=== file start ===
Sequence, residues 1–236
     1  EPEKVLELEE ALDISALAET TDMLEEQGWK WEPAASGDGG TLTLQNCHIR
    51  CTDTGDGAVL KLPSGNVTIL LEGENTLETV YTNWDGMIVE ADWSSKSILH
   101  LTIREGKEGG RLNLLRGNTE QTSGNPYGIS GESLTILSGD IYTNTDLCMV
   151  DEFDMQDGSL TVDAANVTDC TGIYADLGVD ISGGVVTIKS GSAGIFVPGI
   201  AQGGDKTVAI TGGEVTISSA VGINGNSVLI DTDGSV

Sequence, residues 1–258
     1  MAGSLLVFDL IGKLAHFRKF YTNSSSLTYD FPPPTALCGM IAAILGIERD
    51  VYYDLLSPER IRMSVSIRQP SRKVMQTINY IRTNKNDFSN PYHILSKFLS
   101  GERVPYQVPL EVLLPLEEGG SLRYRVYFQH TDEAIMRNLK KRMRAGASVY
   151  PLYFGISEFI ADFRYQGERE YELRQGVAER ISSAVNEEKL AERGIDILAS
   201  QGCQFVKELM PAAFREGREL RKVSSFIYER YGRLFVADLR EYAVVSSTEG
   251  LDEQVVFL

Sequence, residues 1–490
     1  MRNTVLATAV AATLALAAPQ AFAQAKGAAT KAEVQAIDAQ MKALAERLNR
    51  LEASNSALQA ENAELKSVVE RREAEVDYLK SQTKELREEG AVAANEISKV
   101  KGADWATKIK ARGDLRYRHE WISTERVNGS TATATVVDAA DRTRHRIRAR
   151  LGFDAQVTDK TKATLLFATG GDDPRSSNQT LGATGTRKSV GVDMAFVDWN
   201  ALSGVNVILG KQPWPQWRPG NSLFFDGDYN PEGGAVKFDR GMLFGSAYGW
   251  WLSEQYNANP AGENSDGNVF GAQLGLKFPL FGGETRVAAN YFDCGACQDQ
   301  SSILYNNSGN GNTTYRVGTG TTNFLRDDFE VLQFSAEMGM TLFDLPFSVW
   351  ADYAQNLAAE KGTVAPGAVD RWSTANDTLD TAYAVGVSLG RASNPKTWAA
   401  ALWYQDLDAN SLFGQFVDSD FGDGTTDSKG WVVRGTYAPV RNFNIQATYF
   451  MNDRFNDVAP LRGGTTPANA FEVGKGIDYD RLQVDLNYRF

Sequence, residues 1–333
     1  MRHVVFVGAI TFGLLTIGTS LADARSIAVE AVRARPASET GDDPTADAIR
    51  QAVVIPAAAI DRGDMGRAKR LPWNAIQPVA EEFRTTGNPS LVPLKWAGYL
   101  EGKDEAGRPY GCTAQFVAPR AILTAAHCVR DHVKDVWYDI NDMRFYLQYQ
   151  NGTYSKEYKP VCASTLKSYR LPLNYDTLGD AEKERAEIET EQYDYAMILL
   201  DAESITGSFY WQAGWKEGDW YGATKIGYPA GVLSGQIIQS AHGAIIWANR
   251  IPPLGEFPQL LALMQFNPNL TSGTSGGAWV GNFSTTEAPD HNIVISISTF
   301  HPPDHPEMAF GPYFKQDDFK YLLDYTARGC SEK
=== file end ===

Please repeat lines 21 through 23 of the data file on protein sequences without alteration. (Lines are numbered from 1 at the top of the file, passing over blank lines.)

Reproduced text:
   301  SSILYNNSGN GNTTYRVGTG TTNFLRDDFE VLQFSAEMGM TLFDLPFSVW
   351  ADYAQNLAAE KGTVAPGAVD RWSTANDTLD TAYAVGVSLG RASNPKTWAA
   401  ALWYQDLDAN SLFGQFVDSD FGDGTTDSKG WVVRGTYAPV RNFNIQATYF